Sam Harris and the “Ground Zero Mosque”

I agree with much of what Sam Harris writes. When I don’t agree, it’s usually a question of degree. For instance, Harris recently ignited debate at his TED talk, in which he advocated science as an arbiter of moral decisions. While I support this effort in principle, I fear Harris is a bit too optimistic on the prospects of science to  develop from a historically descriptive practice to a normative one, or, to put it another way, to rise above Hume’s (in)famous “is-ought” problem. In fact, one could review history and make a plausible case that science is often at its worse when it is used prescriptively. (The expected counterargument is that those examples are not examples of science, but pseudoscience used to further decidedly non-scientific agendas.)

I am not writing this to debate science’s role in morality, though. I believe a thoughtful debate can be had there. Rather, I am reacting to Harris’ recent article, Ground Zero Mosque from The Daily Beast. His first two sentences perhaps best sum up his position:

Should a 15-story mosque and Islamic cultural center be built two blocks from the site of the worst jihadist atrocity in living memory? Put this way, the question nearly answers itself.

Harris’ answer, in case the obviousness escaped you, is no.

First of all, it’s disappointing that Harris immediately conflates (thought not as much as his editor) the cultural center, now officially known as Park51 (due to the delicate sensibilities of certain outspoken political candidates with a penchant for revisionist history) and the mosque/prayer room that will be contained within.

I don’t know if YMCAs have official chapels or not, but I do know that at least one congregation calls its home at a Y. Antioch calls itself “the church of the Y”. It meets in one of the gyms at the Countryside YMCA in Lebanon, OH, reportedly the largest YMCA center in the country, at 218,000 square feet. This Y (and I assume many others) hold several bible study sessions. If Sam Harris were writing an article about the Countryside YMCA, would he call it the ‘218,000 square foot church and Christian cultural center’?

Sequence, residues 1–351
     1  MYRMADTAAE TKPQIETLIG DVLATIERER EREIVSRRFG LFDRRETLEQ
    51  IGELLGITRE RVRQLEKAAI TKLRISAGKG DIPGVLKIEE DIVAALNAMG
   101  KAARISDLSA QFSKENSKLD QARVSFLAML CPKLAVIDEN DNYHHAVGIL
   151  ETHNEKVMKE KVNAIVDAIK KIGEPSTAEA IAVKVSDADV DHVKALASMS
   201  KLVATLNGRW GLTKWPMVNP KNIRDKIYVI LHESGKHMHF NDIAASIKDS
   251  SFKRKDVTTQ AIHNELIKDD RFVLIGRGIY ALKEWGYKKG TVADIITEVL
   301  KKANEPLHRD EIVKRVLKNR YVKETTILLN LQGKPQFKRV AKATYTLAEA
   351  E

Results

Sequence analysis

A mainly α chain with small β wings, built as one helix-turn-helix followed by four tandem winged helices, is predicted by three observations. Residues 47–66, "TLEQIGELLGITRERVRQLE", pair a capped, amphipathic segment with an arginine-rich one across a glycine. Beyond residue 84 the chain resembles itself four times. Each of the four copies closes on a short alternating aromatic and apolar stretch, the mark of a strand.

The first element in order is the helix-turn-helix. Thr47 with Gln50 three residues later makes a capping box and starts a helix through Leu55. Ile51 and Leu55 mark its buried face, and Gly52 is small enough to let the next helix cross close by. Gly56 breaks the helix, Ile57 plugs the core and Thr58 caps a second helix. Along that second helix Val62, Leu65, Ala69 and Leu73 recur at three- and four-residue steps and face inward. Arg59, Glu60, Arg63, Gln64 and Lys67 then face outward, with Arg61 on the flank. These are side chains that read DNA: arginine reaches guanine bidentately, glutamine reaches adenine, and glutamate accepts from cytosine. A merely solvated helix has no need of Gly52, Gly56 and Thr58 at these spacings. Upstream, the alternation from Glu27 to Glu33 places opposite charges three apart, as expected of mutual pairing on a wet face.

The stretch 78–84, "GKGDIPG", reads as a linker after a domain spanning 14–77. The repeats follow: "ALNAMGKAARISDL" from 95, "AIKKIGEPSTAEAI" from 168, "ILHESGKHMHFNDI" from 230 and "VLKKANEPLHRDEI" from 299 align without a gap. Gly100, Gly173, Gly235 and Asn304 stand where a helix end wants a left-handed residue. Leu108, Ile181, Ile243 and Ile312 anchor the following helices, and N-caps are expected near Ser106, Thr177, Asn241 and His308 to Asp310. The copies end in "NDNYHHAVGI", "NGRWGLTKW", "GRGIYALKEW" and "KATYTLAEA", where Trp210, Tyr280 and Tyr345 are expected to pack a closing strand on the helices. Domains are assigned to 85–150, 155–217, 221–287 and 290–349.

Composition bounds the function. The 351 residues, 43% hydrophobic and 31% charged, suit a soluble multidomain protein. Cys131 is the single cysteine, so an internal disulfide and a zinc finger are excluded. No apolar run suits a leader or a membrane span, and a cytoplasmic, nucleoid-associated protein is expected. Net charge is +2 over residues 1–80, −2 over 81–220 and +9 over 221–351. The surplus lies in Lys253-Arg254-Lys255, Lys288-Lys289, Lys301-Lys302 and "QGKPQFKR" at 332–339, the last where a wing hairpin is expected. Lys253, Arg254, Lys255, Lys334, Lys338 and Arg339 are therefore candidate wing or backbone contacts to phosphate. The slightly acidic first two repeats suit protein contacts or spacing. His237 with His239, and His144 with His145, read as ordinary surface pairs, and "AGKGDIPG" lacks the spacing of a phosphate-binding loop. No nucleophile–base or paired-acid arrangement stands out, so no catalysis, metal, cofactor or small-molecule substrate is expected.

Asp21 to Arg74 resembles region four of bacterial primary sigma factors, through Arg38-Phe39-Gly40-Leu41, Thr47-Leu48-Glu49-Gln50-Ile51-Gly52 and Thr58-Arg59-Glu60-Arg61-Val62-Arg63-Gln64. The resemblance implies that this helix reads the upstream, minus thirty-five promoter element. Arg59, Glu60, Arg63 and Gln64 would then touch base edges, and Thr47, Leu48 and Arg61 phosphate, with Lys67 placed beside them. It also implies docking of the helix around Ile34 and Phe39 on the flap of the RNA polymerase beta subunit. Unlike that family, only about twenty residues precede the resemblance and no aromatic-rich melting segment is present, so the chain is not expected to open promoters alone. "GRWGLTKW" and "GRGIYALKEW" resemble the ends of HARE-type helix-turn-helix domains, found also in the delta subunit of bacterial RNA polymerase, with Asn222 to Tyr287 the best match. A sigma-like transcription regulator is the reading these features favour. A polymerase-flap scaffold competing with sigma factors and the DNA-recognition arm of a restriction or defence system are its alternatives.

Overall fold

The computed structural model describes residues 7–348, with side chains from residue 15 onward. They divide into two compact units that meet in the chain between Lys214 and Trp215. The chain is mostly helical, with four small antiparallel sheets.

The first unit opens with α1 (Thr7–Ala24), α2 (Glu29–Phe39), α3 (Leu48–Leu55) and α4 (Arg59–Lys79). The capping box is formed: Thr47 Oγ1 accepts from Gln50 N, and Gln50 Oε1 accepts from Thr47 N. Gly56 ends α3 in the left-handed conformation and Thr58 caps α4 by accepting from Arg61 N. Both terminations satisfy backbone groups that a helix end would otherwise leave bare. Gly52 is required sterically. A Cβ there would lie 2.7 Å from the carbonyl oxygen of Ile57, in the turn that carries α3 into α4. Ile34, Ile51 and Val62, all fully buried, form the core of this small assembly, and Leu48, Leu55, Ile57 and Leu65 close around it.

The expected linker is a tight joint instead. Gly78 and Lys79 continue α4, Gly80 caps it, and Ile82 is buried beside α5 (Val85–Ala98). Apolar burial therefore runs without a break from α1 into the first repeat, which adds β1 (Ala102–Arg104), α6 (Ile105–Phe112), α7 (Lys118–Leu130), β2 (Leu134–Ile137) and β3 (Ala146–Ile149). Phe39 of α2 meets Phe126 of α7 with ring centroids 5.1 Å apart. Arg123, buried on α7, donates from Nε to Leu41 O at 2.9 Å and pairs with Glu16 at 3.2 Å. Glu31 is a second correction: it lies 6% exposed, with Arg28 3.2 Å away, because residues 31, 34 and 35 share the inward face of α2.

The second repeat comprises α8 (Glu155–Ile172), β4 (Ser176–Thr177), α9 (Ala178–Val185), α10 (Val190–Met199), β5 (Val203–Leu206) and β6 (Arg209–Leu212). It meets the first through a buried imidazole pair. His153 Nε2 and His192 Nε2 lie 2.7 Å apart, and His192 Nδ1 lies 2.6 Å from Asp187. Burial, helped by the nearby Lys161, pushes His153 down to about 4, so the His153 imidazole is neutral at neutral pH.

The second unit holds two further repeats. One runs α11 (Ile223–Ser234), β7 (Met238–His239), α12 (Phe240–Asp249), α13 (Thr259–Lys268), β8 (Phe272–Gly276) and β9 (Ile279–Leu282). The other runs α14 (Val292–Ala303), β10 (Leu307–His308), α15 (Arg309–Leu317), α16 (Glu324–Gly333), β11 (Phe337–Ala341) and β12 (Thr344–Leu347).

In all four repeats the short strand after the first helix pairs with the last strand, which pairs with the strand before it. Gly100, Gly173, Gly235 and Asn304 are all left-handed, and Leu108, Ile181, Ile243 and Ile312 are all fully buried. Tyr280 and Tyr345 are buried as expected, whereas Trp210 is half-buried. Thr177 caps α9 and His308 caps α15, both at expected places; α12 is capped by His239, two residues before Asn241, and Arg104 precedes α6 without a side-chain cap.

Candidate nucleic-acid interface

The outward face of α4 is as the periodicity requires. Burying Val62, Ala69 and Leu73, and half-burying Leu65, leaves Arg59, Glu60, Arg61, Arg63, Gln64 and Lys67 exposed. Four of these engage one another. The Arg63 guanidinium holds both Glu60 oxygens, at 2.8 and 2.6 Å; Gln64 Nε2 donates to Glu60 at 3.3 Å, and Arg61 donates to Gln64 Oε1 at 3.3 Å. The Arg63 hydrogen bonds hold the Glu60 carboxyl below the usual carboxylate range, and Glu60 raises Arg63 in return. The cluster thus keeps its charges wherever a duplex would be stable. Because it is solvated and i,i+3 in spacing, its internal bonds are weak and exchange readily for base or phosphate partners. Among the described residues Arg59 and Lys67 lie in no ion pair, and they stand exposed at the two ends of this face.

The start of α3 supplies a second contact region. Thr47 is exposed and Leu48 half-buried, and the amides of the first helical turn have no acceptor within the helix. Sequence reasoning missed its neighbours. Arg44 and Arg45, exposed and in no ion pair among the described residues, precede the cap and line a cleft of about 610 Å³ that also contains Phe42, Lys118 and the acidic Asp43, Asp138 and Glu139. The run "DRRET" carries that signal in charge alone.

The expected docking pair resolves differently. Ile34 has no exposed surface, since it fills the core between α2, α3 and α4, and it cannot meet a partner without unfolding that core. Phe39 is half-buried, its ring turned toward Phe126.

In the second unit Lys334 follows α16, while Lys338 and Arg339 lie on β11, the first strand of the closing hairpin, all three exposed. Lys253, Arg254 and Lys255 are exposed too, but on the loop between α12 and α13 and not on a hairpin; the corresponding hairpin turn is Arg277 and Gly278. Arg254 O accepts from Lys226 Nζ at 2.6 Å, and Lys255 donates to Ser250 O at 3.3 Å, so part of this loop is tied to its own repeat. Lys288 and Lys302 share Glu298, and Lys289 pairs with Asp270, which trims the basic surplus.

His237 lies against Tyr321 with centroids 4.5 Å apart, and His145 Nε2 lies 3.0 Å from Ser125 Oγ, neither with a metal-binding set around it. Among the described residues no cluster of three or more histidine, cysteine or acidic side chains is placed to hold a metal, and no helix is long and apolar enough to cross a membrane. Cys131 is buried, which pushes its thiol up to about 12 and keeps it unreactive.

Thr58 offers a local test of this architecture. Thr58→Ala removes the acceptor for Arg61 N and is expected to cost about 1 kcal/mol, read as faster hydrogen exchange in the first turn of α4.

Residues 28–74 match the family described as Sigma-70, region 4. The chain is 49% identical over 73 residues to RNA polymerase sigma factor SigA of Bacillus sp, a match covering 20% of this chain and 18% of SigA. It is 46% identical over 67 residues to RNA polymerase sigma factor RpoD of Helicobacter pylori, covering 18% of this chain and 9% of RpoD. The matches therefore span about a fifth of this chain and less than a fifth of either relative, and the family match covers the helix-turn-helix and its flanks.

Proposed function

With 21 branches or so, New York City’s is called the “largest YMCA in the world”. Their motto: “We’re Here For Good”, an obvious double-meaning which one needn’t wonder what the ramifications would be were it used by a Muslim community center.

Perhaps comparing Park51 to the Y is unfair, because the Y has grown well beyond its Christian mission in many ways. You could be forgiven for not knowing what the ‘C’ in YMCA stands for, given their diverse membership and the many secular activities they sponsor. Of course, they also have the happy coincidence that around 75% of the US population calls itself Christian.

I’ve never been to a Jewish Community Center. I don’t know if anyone conducts Jewish prayer services at them, or if that’s even permitted under Judaism. What I am sure of, though, is that they do celebrate Jewish holidays, and I’m certain there’s a fair bit informal theological discussion going on among at least some of the membership. I’m also sure that, though Sam Harris may have little love for the religion of Judaism, he wouldn’t accuse the worldwide JCC membership of plotting to wipe out the Hittites, and the Amorites, the Canaanites, and the Perizzites, the Hivites and the Jebusites. Then again, perhaps they don’t need to, thanks to the reported actions of their religious (if not perfectly genetic) forebears. But as Harris points out, the punishment for violation of any of the Ten Commandments, applicable to both Judaism and Christianity, is death, and Jesus said little to contradict it (and, I might add, the ‘cast the first stone’ anecdote is generally believed to be a 4th century addition).